And that means that when they settle on something, maybe an A-liner,  maybe a hardshell pop-up, there is a minimum size (and therefore maximum MPG) of vehicle they'll need to haul it. And then, because, they do not have unlimited money, they'll be using that vehicle for everyday use ... going to the grocery store, driving to church on Sunday.

Now, the extra towing capacity is only going to be needed when towing. But ... well, here is the idea. If the vehicle happened to be a full serial pluggable hybrid, then the power generator would not normally be running all the time. That is, after all, the point.

So, suppose that there was an extra battery and additional electric motors in the trailer? A power and network hook-up could let the trailer know when to push ... and, of course, when to brake. It, of course, would not be driving at the speed of the towing car ... simply driving enough so that a smaller car could tow it.

I do want to point out something important: this is not something that Japan will invent for us. We have to invent it for ourselves. And the first car maker to bring it to market will establish the interface standard for the camping trailer makers ... indeed, it may well make a few standard chassis for the camper trailer makers, which the camper trailer makers can finish as they wish ... and that will provide them with a head start on the competition in selling their hybrid cars into the niche of people who want a camper trailer, but also want a lighter weight, more fuel-efficient vehicle to drive around when they are not towing.


So, how about it, Ford? Are you ready to jump into the future? Or are you going to content yourself with being dragged into the future, and risk the total collapse of your business when $5/gallon and then $10/gallon hits us before we are ready to cope.

Virtually Yours,

Dr. BruceMcF (Economic)
Northeast Ohio

Originally posted to BruceMcF on Sun Aug 19, 2007 at 03:47 PM PDT.

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Comment Preferences

  •  Stamp fund donation jar. (23+ / 0-)

    Come on, I am poor as a church mouse, its not like I can afford stamps. Drop your contribution into the appropriate slot below. and Energize America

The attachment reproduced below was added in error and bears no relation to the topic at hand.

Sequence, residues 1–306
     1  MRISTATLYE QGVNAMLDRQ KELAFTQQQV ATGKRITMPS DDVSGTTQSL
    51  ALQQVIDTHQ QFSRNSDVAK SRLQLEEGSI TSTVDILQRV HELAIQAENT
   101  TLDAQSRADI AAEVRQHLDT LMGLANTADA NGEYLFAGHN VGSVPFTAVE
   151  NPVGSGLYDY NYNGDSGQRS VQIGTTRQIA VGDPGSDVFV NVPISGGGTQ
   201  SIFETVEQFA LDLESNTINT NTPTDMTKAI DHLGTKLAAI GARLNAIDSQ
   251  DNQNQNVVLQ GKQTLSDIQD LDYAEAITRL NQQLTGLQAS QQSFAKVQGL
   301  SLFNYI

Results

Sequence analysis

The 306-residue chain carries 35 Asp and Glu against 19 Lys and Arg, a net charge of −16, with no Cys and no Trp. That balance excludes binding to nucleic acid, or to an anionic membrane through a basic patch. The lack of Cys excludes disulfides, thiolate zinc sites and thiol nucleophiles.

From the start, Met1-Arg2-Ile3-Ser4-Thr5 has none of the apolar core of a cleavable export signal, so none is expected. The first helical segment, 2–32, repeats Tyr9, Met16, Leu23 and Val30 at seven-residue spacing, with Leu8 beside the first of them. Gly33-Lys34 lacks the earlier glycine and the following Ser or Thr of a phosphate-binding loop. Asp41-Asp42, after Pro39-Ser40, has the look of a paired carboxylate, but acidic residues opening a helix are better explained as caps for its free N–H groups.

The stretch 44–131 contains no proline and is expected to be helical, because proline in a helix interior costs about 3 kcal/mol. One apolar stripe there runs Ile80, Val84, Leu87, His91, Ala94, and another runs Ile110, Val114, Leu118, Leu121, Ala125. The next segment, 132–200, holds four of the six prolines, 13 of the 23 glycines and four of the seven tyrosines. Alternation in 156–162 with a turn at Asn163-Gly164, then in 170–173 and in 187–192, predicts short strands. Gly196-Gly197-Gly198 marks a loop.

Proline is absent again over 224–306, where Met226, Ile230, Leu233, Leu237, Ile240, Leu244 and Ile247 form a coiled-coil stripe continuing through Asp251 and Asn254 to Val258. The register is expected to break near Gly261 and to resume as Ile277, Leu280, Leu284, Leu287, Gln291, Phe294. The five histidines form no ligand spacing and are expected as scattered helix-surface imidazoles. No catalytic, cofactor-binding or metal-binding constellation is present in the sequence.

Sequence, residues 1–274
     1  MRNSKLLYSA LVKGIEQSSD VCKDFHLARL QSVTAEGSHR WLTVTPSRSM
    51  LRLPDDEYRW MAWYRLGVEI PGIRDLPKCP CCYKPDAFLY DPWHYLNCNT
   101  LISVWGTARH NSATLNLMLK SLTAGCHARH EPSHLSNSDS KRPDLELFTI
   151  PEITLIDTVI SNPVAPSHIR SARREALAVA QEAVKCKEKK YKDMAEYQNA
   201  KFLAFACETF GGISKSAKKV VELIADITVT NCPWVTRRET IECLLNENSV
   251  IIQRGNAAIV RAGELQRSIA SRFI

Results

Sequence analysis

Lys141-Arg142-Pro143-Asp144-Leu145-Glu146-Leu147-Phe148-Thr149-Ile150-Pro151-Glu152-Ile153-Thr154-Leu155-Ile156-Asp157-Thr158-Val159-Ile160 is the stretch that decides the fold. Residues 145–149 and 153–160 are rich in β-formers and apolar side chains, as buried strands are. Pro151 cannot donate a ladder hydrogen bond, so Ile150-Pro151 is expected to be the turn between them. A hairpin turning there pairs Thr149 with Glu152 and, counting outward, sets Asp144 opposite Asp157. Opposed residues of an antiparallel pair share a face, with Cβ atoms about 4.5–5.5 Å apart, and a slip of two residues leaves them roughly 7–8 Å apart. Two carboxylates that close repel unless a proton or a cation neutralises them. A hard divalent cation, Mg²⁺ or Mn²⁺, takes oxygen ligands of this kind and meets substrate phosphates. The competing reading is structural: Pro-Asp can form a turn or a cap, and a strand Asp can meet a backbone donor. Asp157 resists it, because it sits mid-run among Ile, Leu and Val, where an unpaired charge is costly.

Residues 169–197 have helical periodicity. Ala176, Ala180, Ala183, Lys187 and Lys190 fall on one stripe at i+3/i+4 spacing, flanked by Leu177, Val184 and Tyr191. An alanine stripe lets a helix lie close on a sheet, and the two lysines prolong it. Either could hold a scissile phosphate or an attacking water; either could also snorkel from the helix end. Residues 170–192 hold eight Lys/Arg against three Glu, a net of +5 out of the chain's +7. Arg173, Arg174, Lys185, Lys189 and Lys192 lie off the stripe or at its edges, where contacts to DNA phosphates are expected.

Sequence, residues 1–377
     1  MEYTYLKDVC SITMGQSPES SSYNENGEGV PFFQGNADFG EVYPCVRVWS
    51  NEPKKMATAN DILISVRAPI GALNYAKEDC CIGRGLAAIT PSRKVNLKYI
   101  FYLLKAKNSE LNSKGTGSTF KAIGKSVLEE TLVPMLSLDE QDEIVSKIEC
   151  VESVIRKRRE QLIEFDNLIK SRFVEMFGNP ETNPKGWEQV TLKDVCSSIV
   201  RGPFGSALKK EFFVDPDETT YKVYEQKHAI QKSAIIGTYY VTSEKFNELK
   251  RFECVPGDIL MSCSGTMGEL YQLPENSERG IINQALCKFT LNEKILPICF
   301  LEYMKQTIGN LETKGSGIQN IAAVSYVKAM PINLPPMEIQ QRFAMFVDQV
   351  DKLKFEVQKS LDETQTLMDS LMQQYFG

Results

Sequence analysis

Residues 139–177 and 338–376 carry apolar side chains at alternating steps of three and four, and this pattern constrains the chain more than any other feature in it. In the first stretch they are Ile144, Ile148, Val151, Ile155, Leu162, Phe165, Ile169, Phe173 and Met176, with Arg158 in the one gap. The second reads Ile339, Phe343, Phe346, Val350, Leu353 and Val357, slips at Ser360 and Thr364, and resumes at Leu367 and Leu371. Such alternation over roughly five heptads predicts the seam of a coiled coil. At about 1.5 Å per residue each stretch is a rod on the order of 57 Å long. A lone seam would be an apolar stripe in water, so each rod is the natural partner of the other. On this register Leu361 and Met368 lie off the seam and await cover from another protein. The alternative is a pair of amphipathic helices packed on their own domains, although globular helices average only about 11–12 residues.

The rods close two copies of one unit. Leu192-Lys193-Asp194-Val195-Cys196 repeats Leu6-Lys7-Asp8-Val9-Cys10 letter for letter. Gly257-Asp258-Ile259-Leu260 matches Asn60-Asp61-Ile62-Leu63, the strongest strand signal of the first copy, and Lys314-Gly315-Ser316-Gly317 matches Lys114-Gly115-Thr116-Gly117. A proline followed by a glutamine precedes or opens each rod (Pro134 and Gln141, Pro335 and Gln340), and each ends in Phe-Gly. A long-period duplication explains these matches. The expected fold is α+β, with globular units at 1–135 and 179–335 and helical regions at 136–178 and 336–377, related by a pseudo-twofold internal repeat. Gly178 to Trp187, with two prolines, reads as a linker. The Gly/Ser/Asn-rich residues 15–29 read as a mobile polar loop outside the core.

by BruceMcF on Sun Aug 19, 2007 at 03:51:12 PM PDT

    •  Do you accept S&H green Stamps? n/t (3+ / 0-)

      "They pour syrup on shit and tell us it's hotcakes." Meteor Blades

      As if it matters, I have not announced support for any candidate. Jug

      by JugOPunch on Sun Aug 19, 2007 at 04:09:22 PM PDT

      [ Parent ]

    •  I'm sorry but what IS that? (0+ / 0-)
      It look like a covered motorcycle. I'm sure THAT will be safe and practical in rush hour traffic on I-90 heading out to Lakewood or Rocky River or Bay Village. The guy pictured is dragging his hand on the ground! Or is that just for show? As for electric light rail -- in CLEVELAND? Surely you jest. We have damn fool commissioners who want us to pay $42 million a year for something they have no plan for. I wish there were some prescient minds running this community but -- alas.

      We're retiring Steve LaTourette (R-Family Values for You But Not for Me) and sending Judge Bill O'Neill to Congress from Ohio-14:

      by anastasia p on Sun Aug 19, 2007 at 05:29:10 PM PDT

      [ Parent ]

      •  To start off with ... that guy is just showing .. (0+ / 0-)

        ... off ... if you can't read the banner, its " ; Speed Matters".

        And yes, its a covered motorcycle, except its a three wheeler and the back two wheels stay flat while the front tilts when you steer it like a car and you are surrounded by a crash cage and can buckle in, and it runs on electricity or electric/gas hybrid. But other than that, like a covered three wheel motorcycle.

        And as for electric light rail in Cleveland? I do not recall mentioning it, but it is no joke ... once gas hits $5/gallon to $10/gallon, all of a sudden people in Cleveland will start running to catch up to what people in more forward looking cities are already doing.

        Any city of 1 million will be wanting a rapid transit trunk and connecting light rail lines. and Energize America

        by BruceMcF on Sun Aug 19, 2007 at 08:09:42 PM PDT

        [ Parent ]

  •  Dear consumers: If you hadn't been willing (9+ / 0-)

    to overpay for SUVs and underpay for cars, your domestic car companies wouldn't have fallen all over themselves to build SUVs.

    Dear consumers, you are now starting to get with the program just a little bit: The New Beetle and Mini Cooper are small and fuel-efficient, and both appear to be profitable for their manufacturers, both German.

    If you'd been willing to stump up a decent price for the Ford Focus, Chevrolet Cobalt and Dodge Neon, you'd have a wider and better selection of domestic cars that pass the BruceMcF test.

    I find your behavior obscene. Just thought I'd drop a line to let you know.

    By the way, my other car is a Superliner.

    Very truly yours,

    ticket punch

    I say it's spinach, and I say the hell with it.

    by ticket punch on Sun Aug 19, 2007 at 04:03:47 PM PDT

    •  BTW, my other car is a bike. (2+ / 0-)
      Recommended by:
      JekyllnHyde, OrdinaryGal

      ... an old Schwinn 3-speed.

      And my first car is a cheap department store 15-speed pseudo-mountain bike (hardtail). But I'm hoping to be able to get an 18-speed rear shock soon. and Energize America